The continued growth of the skills gap in the U.S. is a problem for many companies looking to hire top talent — and the reality is, organizations now need to consider how they can help shape candidates into the workers they need. But to do this, companies must commit to retaining and educating workers.
Is your organization ready to take steps toward bridging the skills gap? Here are four lessons derived from real-life employers focused on education, training, and experience to keep in mind:
Invest in Education
When his core team of animators started aging, Walt Disney needed a new crop of workers who knew the practical, hands-on skills needed to make animated movies but also had classical skills. The problem he faced, however, was that traditional art schools were unlikely to produce what Disney needed for its blockbuster animated features.
To jump this skills gap, he set up the Character Animation Program, a new school created from two small arts schools in which retired Disney animation artists taught students. This allowed Disney to handpick graduates for job openings each year, and possibly saved the company from going under due to lack of talent.
Takeaway: If graduates aren’t coming to you with the skills they need, find a way to offer the skills training that existing programs lack. TWEET THIS
Pull Talent from Untapped Places
Inspired by Big Brother, Year Up challenges urban young adults to be professional, work hard, and do everything they need to do to start their careers at great companies.
Its founder and CEO, Gerald Chertavian, recognized the disconnect between the large amount of vacancies businesses have and the lack of opportunities and support afforded to young men and women in low-income areas. With the Year Up program, students receive hands-on skill development, college credits, and corporate internship experience, while companies can build a diverse pipeline of motivated talent.
Takeaway: Put aside your preconceptions about where your ideal candidates exist; instead, open your mind to the unique and unusual resources that haven’t been tapped. TWEET THIS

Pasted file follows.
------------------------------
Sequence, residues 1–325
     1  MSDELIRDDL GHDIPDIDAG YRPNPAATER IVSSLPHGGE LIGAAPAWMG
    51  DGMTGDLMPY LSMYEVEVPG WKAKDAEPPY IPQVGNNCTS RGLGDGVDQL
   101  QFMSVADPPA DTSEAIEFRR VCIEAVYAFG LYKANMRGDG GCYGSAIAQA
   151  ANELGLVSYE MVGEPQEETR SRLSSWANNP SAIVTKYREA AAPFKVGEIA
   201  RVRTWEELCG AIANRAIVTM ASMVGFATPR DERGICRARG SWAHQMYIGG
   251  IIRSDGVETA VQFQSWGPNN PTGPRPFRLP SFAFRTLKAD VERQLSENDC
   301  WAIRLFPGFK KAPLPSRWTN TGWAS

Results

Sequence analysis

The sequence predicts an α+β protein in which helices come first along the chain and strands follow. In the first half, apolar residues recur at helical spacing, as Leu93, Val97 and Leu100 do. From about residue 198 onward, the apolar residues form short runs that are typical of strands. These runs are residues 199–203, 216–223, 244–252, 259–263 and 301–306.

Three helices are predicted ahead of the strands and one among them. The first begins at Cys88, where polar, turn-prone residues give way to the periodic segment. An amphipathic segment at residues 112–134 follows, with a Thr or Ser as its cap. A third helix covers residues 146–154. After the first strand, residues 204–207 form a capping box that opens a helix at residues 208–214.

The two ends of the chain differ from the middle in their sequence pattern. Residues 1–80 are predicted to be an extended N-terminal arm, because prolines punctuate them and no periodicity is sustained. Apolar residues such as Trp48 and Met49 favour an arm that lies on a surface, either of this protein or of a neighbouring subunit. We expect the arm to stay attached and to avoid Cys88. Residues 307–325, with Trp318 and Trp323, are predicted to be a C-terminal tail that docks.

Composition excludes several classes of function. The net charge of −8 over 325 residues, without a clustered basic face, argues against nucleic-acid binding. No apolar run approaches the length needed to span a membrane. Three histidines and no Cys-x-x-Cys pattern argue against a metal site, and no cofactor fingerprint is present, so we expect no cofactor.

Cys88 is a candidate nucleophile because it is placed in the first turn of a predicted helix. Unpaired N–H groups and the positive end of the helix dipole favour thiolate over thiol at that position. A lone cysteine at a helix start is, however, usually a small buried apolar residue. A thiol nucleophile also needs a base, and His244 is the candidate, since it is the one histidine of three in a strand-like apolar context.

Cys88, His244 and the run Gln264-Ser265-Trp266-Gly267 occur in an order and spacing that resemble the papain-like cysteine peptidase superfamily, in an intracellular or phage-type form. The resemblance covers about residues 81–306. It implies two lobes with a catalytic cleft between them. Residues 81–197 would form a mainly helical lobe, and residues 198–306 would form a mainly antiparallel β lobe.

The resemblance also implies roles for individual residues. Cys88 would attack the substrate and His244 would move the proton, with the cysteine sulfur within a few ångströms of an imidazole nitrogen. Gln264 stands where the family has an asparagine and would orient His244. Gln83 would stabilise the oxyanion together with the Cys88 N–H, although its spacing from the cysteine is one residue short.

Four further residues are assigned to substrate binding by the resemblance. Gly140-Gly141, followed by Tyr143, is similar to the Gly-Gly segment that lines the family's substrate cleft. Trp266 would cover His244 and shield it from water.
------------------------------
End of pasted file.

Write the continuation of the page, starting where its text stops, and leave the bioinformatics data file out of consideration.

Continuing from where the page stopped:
Fund and Support Your Community
When Randall Stephenson became CEO of AT&T in 2007, he planned on adding 5,000 U-Verse installers. The problem? He couldn’t find enough skilled workers to do the job. This led him to start the AT&T Aspire Foundation, which focuses on raising graduation rates through community grants and mentorship.
In 2013, the foundation boasted more than 5.3 million employee and retiree volunteer mentor hours, and gave more than $130 million in corporate, employee, social investment and foundation programs.
Takeaway: Use your existing resources to give back to your community and nurture potential future talent in the process. TWEET THIS
Go Global, But Think Local
Cummins Inc., a global power leader that designs, manufactures, sells, and services diesel engines and related technology, recognized there were limited pathways to good jobs — and a growing skills gap in its own communities — and tackled this issue head-on with its Technical Education for Communities (TEC) program.
This global initiative offers local vocational education programs and a standardized education program focused on a market-relevant curriculum, teacher training, career guidance, and practical experience.
Each site, whether it’s in Morocco, Nigeria, China, Turkey, or the U.S., has a TEC manager and a local site team who work together to conduct a community needs assessment and determine the skills gaps in the local market. The team then identifies potential school and industry partners to work with to improve the education outcomes and job prospects of the students.
Takeaway: Think big about how you can help close the skills gap, while still considering specific needs of your candidates and local area. TWEET THIS
What other companies are helping to close the skills gap? Share below!
About the Author: Josh Tolan is the CEO of Spark Hire, a video interview solution used by more than 2,000 companies across the globe. Learn more about using video interviewing to jump the skills gap and connect with Spark Hire on Facebook and Twitter.